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Saturday, December 31, 2005

How to Make Customers Unhappy on an Agile Software Project

Sometimes your customers get grumpy. This makes them do unfortunate things like canceling your projects, refusing to pay you, or just not smiling when they bump into you in the halls. This isn't because they're mean people. It's often because we do things that make them grumpy, even on agile projects.

But how could this be? You've invited them onsite, given them free access to your development cubicles, and forced them to attend all of your design meetings? What could be better?

Turns out that the best onsite customers are actually good at their day jobs, which means they are actually needed at them much of the time. So as much as they're excited about participating on the team, reality keeps intruding. They can't spend very much time sitting around, waiting to be pestered by developers.

So what's an agile software team to do? Don't you need an onsite customer to make things go smoothly?

The reality is that sometimes you can't have a dedicated customer onsite at all times. Questions about which way to take Feature X might have to wait a few hours, or even a few days while you compose an email or schedule a conference call to discuss.

But ever the optimists, you plunge ahead, hopeful that the reduced communication won't create any problems. And it doesn't, until your very next software delivery.

"What happened to the Whatsit component that was supposed to be here?" asks your Customer. "We talked about this a month ago! And what is this new Easter Egg in the upper left hand corner - that's unacceptable!"

"I told you so!" says the ever helpful Tactless Tester, lurking just behind your chair. "You developers wouldn't listen to me, and now you've messed it up good!"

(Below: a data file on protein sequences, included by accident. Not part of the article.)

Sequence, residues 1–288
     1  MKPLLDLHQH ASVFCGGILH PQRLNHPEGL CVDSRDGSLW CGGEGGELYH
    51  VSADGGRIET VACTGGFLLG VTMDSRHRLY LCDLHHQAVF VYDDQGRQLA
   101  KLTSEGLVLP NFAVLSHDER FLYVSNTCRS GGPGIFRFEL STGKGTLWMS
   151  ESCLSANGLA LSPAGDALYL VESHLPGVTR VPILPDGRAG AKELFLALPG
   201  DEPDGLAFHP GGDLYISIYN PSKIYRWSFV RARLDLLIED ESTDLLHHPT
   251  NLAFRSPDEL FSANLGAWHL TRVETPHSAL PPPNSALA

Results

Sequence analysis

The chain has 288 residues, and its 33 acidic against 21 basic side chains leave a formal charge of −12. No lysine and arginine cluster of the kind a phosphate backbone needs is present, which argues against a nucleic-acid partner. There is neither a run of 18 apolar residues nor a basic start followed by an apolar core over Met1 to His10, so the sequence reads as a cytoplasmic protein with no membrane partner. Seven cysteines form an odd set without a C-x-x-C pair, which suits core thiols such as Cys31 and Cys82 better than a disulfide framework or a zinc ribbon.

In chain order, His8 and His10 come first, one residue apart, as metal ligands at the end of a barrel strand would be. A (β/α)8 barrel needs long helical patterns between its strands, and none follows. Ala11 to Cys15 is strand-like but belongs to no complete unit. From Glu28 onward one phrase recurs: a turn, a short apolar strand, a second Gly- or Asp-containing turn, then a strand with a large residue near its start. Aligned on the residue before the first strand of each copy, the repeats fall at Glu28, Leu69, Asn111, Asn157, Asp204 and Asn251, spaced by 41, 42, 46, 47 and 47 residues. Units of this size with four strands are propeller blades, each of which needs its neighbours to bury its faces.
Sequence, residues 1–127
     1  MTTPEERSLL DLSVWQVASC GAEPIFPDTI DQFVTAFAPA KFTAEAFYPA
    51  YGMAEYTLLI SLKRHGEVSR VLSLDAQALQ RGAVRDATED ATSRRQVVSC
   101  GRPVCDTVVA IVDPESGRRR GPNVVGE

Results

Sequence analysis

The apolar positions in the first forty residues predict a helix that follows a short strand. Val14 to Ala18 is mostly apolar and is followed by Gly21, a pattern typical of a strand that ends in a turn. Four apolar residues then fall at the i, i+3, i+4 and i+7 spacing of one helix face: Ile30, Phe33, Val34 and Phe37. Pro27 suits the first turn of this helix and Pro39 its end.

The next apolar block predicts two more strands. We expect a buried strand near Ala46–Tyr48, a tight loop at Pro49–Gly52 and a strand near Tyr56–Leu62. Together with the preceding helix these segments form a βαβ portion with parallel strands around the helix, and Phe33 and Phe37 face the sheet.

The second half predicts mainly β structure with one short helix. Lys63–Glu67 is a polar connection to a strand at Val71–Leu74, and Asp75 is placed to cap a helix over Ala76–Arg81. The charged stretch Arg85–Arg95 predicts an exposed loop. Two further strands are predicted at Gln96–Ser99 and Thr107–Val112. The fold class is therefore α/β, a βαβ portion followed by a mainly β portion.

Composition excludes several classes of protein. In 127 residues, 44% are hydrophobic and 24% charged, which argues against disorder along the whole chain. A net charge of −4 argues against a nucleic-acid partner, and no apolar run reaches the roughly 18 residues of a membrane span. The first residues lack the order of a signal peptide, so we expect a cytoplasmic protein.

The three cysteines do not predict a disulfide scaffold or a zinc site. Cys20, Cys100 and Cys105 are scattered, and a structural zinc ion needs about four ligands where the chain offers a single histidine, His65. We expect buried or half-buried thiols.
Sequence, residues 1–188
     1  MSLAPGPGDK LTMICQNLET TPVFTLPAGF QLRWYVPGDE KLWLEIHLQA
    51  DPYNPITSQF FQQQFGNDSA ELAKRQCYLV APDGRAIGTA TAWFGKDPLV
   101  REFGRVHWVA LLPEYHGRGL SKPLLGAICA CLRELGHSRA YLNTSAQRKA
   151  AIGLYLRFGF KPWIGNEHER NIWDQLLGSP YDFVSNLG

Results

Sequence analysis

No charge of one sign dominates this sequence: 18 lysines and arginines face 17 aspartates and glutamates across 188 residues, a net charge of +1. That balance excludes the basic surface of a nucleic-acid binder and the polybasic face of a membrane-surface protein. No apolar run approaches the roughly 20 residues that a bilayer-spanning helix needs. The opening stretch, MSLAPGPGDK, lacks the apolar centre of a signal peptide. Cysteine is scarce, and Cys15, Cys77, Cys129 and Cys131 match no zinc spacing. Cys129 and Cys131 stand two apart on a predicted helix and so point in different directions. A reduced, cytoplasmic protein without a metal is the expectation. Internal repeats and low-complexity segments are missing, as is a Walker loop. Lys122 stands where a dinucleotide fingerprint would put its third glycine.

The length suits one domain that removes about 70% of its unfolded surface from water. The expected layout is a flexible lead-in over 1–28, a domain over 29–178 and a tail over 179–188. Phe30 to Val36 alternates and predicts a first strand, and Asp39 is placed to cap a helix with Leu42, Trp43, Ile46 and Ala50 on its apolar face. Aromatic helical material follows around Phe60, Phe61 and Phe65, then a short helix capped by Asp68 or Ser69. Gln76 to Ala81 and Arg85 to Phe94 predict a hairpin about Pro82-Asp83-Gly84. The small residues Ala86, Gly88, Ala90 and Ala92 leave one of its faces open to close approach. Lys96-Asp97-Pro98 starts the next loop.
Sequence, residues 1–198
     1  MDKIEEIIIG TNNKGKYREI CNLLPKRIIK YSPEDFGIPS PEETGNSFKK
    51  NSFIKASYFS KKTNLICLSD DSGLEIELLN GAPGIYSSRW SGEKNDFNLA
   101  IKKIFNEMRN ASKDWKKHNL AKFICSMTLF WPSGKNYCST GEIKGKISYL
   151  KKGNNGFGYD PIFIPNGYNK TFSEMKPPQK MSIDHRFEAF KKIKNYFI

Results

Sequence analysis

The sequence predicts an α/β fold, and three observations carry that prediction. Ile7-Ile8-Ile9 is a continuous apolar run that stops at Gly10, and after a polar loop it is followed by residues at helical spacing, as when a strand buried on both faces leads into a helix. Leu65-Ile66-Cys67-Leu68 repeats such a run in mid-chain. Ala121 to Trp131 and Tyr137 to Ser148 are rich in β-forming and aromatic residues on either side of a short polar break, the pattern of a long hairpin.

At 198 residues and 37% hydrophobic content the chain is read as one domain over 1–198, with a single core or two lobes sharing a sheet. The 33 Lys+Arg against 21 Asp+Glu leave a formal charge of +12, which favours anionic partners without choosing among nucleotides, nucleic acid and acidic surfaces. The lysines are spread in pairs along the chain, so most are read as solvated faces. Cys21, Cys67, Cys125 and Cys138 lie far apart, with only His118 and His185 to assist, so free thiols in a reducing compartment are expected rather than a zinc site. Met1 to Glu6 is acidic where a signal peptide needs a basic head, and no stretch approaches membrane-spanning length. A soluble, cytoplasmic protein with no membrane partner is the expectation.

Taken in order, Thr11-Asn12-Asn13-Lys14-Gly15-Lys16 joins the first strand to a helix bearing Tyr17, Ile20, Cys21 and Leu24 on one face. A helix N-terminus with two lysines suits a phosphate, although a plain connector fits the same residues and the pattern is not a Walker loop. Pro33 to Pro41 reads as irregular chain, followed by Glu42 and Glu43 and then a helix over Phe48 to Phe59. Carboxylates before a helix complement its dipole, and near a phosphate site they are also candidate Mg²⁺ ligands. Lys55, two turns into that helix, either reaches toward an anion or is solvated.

OK, something is clearly wrong with this situation. And it's not just that annoying tester who likes to humiliate you in public. What could it be?

Aha, you think, no one bothered to communicate with the customer before delivery of the software. Planning went well, and the priorities were pretty clear a couple of months ago. But then development started, the team wanted to use the new Insta-egg(TM) Easter Egg Maker, and decided that the customer was just mistaken when they said they needed a Whatsit.

Your problems started well before the Egg Incident. The moment the team took control over what features to build and disregarded the customer should have been a warning sign. It got worse when you didn't have any regular communication with the customer until delivery, a few months later.

Even well-run agile teams can make this mistake when the customer is not frequently available. Complacency sets in when you think you know the customer well enough to decide things for them. And you get burned by adding things you thought would be well received, and leaving out things you didn't really want to build and thought were a bad idea. Uh, whose money are you spending, anyway?

One strategy for keeping your team in check is to have regular status meetings, at least every few weeks (probably at the end of each iteration), where you communicate with your customer about progress. Not with a Powerpoint presentation or pyrotechnics, but a simple demonstration of working features since the last meeting.

This will keep your customer engaged, even if they're offsite (Web and telephone conferencing can work pretty well in this situation). There's nothing like working features to elicit clear feedback on what's right and what's wrong. And it just might keep your team from committing project suicide.


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